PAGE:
A sizeable proportion even of better-paid people (particularly senior age groups, disabled people and ethnic minority groups, against whom the government is attempting to avoid discriminating at the moment) also do not currently use the Internet for job applications. We’ve all met senior bosses in the private and public sectors who are very good at their jobs but who rely on their secretaries to print and type their email.
Even among people who are able to use IT for basic work purposes, many may not be willing to trust the online channel for something as important as job recruitment – according to consulting group Forrester, 68% of people don’t even fully trust the web for shopping. A government website is obviously more trustworthy than dodgydavesphishingsite.com, but plenty of people are seriously paranoid about technology.
They’re doing it already, and it isn’t enough
For an obvious, concrete example of why the site wouldn’t be enough on its own, simply Google for online job application statistics, as I did earlier. Nearly all the initial hits are online recruitment pages for public sector roles. And guess what? Despite already having access to this channel, these employers recruit through other channels as well…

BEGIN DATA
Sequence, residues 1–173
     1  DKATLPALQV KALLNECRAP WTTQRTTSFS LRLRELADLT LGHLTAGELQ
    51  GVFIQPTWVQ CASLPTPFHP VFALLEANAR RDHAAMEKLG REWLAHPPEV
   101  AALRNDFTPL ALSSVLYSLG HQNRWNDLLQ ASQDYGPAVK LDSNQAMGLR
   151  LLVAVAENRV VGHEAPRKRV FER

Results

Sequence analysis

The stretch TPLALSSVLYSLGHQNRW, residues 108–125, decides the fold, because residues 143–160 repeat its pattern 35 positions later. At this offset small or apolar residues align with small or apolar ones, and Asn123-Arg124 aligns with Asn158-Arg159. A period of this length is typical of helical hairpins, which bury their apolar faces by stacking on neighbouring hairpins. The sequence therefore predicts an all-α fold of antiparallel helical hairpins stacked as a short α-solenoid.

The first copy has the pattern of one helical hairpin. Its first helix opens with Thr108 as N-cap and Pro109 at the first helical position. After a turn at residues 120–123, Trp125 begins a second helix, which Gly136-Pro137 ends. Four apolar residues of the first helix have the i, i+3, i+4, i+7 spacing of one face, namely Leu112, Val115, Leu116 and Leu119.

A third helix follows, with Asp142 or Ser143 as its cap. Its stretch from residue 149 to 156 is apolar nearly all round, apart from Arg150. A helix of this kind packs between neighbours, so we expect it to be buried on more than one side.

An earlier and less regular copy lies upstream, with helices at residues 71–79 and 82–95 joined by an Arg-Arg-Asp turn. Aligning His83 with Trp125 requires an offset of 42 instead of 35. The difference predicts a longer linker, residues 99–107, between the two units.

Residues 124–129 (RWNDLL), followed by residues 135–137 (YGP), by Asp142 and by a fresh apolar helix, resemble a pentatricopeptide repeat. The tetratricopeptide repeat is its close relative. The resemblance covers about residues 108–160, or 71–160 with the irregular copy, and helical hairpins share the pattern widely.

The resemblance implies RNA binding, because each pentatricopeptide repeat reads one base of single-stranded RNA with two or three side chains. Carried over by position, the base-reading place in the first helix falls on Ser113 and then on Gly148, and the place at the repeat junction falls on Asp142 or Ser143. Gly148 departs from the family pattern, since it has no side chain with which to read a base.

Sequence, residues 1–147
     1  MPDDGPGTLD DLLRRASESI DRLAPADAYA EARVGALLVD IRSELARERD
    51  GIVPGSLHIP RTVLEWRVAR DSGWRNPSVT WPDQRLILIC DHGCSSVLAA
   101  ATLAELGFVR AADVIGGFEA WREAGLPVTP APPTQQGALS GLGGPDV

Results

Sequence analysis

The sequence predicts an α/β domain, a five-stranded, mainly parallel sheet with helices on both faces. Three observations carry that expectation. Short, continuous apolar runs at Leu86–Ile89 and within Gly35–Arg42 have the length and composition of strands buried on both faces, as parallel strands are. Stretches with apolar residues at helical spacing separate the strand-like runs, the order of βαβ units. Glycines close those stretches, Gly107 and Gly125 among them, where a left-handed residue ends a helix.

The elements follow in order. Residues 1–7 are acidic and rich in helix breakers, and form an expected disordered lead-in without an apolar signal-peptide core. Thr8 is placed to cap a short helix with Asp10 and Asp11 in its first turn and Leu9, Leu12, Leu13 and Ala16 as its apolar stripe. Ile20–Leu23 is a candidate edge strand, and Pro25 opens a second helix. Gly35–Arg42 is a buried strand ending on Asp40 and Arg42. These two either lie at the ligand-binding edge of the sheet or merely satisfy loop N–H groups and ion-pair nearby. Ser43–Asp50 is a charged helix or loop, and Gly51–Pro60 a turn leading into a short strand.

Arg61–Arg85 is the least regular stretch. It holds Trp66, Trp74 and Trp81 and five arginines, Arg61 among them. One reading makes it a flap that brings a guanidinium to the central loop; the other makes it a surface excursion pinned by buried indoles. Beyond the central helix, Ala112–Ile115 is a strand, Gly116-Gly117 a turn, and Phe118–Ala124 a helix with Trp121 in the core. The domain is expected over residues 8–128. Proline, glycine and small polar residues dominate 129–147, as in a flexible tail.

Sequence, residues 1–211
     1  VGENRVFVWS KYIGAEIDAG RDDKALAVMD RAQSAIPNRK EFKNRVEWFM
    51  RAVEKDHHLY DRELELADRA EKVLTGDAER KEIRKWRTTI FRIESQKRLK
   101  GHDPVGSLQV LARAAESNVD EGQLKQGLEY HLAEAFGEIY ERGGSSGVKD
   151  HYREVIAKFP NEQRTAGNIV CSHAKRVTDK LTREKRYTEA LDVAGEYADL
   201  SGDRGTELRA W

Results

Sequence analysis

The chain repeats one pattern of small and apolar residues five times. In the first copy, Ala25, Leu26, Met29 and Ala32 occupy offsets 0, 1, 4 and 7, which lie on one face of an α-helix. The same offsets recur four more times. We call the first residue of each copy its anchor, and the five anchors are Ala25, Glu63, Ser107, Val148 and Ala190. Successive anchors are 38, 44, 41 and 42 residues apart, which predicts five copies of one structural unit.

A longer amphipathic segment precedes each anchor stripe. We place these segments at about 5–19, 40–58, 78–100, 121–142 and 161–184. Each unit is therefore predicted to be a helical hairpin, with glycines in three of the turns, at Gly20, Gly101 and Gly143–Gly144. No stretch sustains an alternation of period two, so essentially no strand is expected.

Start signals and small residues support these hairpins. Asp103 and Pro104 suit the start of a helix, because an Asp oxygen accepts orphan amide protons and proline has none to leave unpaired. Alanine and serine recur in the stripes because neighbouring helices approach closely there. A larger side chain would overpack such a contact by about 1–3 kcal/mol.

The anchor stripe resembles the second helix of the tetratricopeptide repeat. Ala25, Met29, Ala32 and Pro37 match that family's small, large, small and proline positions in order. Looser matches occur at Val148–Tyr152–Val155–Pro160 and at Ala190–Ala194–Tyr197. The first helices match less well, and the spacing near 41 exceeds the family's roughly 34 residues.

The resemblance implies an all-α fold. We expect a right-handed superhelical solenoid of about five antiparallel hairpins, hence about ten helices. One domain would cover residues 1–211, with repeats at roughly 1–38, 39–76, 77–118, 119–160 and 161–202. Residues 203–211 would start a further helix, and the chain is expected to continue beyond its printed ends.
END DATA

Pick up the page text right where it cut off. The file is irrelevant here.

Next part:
A list of government recruitment sites wouldn’t be a bad idea – at the moment, there is no central resource that points applicants both to the civil service careers site and to the London councils careers site, as well as all the other arms of government and quango-ery (apart from Google).
But turning this link-list into a mega-IT project in a doomed plan to annoy the Guardian would be a tiny little bit silly.
The London Astoria is one of the capital’s best-known live music venues; hundreds of groups ranging from Nirvana to the Stones have played there over the last 15 years. It’s also reportedly “under threat” from property developers in sinister allegiance with the Olympics and most recently Transport for London’s evil machinations. Indeed, it is true that if the (absolutely essential for London) Crossrail scheme goes ahead, the long-overdue rebuild of Tottenham Court Road station will require the venue’s demolition.